Kris Carr, a New York Times best-selling author and wellness activist, was diagnosed with a rare incurable stage four cancer in 2003, and took control of her own health with an integrative approach to healing. She revolutionized her world with a plant based diet and health building lifestyle practices. Her documentary, Crazy Sexy Cancer, tells the story. You can visit her inspirational blog here, and be sure to look at her recipes, many of which are fabulous for anyone with any kind of IBD.
Are you looking for grass fed beef, eggs, or dairy? The Eat Wildwebsite provides a directory of farms located throughout the United States and Canada and a list of farms that will ship their products. You can also read about theHealth Benefits of Grass-Fed Productson a page which includes both an easy to read summary with charts and a series of news bulletins which give the latest research with references to recent articles in scientific journals including Clinical Infectious Diseases, The British Journal of Nutrition, Environmental Health Perspectives, Journal of Lipid Research, and The American Journal of Clinical Nutrition.
According to studies cited by Mark Liponis, MD, Medical Director at Canyon Ranch in his 2007 book UltraLongevity, exercise can help calm an overactive immune response and lower CRP levels. Furthermore, studies show that rhythmic exercise is particularly effective, and in one of the studies swimmers and rowers had the lowest CRP levels. Some other suggestions for rhythmic exercise: rebounding on a mini-trampoline jogging walking dancing - swing, polka, English country, contra-dancing, ballroom tennis biking eliptical machine kayaking jump rope
If you are looking for Gluten-free recipes, try Elena's Pantry. Elena has the best free online gluten-free recipe collection I have found. Her moist and delicious Carrot Cake is our standard birthday fare. We replace the agave with honey and add pineapple and coconut. Our friends who are offered the conventional cake always want more of the "healthy" one! A note of caution: while gluten-free, the recipes are not all SCD friendly. Use your best judgement and do what works for you. We have had great success in adjusting the recipes to meet our needs. Bon appetit!
At Jimmy Moore's Livin' La Vida Low-CarbBlogandShow, Mr. Moore's guests include authors, bloggers and scientists who discuss Paleo and other low-carb diets and give the latest news in diet and natural health. Here is his interview with Dr. Art Ayers:
When Kitty first visited her specialist, he prescribed iron in response to her blood test results. When the supplements didn't raise her numbers significantly, and her doctor said that she would probably have to be given iron by IV, I decided to try to improve her iron levels through diet in addition to the supplements. Thisarticle from the Office of Dietary Supplements at the National Institute for Health came in handy. It includes separate tables for sources of heme iron (comes from hemoglobin, a protein in red blood cells, and is readily available to the body) and non-heme iron (comes from plants, and is not absorbed as well), and it gives suggestions to improve iron absorption.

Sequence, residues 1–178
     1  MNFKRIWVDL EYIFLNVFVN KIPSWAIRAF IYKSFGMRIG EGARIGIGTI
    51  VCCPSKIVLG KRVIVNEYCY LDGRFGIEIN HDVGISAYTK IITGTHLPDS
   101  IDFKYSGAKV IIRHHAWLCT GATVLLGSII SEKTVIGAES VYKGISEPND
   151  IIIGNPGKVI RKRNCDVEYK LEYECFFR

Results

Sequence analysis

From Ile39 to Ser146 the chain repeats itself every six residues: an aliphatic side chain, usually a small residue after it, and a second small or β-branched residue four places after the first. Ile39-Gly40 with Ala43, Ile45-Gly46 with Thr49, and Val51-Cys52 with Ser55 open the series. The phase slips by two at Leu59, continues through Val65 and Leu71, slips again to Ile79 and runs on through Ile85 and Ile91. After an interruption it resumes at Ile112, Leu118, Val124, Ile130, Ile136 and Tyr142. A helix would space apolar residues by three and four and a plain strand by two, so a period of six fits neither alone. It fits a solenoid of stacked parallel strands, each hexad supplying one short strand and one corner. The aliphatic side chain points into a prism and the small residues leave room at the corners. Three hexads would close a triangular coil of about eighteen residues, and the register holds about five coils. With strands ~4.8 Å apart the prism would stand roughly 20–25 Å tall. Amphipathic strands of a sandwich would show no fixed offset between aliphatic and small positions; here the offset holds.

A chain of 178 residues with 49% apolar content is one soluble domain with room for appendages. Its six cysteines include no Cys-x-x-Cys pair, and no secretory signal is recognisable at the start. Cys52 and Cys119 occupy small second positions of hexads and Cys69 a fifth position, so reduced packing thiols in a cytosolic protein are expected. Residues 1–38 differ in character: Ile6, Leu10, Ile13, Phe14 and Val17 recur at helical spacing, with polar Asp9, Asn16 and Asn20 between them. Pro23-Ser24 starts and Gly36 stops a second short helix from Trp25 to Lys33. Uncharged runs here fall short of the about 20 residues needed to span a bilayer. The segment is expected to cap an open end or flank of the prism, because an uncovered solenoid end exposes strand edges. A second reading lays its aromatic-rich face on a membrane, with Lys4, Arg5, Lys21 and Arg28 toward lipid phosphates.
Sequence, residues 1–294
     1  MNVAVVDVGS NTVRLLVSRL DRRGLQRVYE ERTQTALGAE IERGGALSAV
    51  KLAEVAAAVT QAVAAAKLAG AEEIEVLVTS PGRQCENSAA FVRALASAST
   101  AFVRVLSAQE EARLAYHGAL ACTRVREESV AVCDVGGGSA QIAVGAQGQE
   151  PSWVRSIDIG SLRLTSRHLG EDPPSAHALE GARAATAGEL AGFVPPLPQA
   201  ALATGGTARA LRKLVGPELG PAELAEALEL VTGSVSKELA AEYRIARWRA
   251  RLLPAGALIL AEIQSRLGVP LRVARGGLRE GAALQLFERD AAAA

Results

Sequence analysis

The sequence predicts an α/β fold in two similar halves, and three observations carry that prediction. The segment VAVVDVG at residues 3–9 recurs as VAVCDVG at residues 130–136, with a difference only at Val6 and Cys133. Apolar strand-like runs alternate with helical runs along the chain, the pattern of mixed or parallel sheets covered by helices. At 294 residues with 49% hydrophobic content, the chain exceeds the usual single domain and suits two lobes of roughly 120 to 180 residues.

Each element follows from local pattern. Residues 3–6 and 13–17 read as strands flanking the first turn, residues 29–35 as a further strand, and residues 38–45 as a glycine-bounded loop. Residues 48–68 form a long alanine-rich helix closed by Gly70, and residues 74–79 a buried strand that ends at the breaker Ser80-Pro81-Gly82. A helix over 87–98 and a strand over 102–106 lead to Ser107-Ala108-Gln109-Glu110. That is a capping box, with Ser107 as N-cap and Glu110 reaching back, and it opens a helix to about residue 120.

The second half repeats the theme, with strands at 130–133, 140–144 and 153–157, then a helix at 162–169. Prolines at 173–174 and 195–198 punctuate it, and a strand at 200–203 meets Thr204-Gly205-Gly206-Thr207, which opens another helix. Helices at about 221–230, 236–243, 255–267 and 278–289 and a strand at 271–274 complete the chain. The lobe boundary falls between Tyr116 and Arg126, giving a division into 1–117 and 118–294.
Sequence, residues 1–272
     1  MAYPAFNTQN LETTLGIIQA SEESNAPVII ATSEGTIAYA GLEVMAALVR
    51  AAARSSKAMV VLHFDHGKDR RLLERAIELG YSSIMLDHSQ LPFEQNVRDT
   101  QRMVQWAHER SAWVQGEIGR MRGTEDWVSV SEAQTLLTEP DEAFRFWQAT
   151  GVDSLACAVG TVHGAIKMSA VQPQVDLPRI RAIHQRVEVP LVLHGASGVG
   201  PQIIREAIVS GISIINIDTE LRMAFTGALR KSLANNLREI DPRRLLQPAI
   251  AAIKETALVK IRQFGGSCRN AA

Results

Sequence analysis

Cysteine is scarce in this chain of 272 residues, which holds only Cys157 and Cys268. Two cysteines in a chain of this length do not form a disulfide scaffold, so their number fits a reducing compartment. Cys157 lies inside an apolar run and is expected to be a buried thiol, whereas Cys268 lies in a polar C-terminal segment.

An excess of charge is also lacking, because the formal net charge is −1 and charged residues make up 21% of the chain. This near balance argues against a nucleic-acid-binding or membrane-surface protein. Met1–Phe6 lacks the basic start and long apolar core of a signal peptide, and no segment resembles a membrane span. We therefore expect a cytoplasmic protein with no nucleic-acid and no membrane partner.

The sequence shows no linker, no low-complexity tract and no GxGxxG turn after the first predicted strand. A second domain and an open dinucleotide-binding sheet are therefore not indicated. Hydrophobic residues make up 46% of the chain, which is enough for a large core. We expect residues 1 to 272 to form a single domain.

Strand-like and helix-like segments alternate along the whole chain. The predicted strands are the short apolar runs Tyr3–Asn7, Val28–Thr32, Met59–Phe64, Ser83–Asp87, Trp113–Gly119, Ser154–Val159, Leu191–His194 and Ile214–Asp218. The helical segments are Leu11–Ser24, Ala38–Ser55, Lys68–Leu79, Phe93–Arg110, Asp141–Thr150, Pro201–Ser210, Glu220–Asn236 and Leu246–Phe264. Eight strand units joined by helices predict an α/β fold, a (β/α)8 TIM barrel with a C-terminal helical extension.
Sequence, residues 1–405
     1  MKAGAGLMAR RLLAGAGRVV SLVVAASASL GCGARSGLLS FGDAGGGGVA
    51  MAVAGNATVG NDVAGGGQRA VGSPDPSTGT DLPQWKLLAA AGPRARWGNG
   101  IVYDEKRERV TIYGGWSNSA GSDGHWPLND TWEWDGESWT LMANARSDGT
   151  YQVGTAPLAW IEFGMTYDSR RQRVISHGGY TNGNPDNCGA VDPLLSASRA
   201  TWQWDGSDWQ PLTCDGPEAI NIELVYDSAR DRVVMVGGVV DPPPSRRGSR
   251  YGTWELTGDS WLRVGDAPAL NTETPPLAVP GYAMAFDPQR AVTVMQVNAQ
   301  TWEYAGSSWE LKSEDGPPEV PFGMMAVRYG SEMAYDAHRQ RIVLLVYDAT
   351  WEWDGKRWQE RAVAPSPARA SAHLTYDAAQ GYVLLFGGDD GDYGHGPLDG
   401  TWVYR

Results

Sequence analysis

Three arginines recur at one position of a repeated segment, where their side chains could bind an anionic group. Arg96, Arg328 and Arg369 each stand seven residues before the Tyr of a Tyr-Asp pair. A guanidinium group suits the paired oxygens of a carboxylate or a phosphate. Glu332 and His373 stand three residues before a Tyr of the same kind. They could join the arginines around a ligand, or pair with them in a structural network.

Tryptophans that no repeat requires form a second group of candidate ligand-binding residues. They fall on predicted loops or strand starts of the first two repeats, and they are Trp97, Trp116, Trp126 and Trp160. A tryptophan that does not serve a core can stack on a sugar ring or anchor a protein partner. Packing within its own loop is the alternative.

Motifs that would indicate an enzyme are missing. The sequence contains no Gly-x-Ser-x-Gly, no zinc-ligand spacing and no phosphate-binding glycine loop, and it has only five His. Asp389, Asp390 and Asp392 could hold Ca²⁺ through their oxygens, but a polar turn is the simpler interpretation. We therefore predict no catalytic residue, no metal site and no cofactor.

Here are some iron-rich foods we enjoy:
11 mg./serving - Chicken Livers - fry them up in butter or olive oil
5.7 mg./serving - Canned Oysters - try the smoked ones from Trader Joe's with a salad
5.2 mg./serving - Beef Liver - we like it cooked up with onions
6.6 mg./serving - Lentils - make a hearty soup or serve with Spicy Tunisian Sauce (diced tomatoes, olive oil, cumin, red pepper flakes, fresh crushed garlic, chopped parsley, and salt)
Here is one of our favorite cold-weather dishes. It is warm, satisfying, and SCD-friendly:
Roasted Winter Vegetables
1. Preheat oven to 400-425 degrees Farenheit
2. Fill a roasting pan or oven-proof dish with any combination of the following fresh vegetables: Acorn squash, seeded and cut into 2 in. chunks Beets, peeled and cut into 1-2 in. chunks Brussel sprouts Butternut squash, peeled and cut into 1-2 in. chunks (you can use a regular vegetable peeler for this) Carrots, peeled and cut into chunks Garlic cloves (unpeeled), or toss in an entire head with the end trimmed Parsnips, peeled and cut into chunks Turnips, peeled and cut into chunks
3. Drizzle with plenty of extra-virgin olive oil and toss with fresh rosemary (if you have any on hand). Add sea salt and blackpepper to taste.
4. Bake for 30 minutes
5. Take out of the oven and toss veggies. Return to the oven for another 30 minutes, or until fork-tender
This goes well with lentils and a green salad. Enjoy!
As part of our effort to lower inflammation marked by CRP and Sed rates, we followed some recommendations from Dr. Art Ayers, who holds a PhD in Molecular, Cellular and Developmental Biology (U. Colo. Boulder), has done postdoctoral research in Sweden and the U.S., and has been a faculty member of several institutions of higher learning (including Harvard University). He has written many posts about inflammation in general and some on inflammatory bowel disease in particular. You can peruse his blog, Cooling Inflammation, and view his guidelines for an anti-inflammatory diet here.
Here are two straightforward options for starting dietary changes that may help with Crohn's. Within a week or two, we noticed significant changes in symptoms solely as a result of using the first option:
1. Purchase a copy of The Maker's Diet, by Jordan Rubin, and use the allowed food list for phase one of the diet. Use this for your shopping list for the next two weeks.
2. Go to Jordan and Steve's SCD Lifestyle blog and download their quick-start guide for making dietary changes based on Elaine Gottschall's book, Breaking the Vicious Cycle. We would suggest, however, eliminating the grape juice and dairy products.
Both options will allow you to focus on the short list of what is allowed in the diet than to keep track of the larger list of what is not allowed.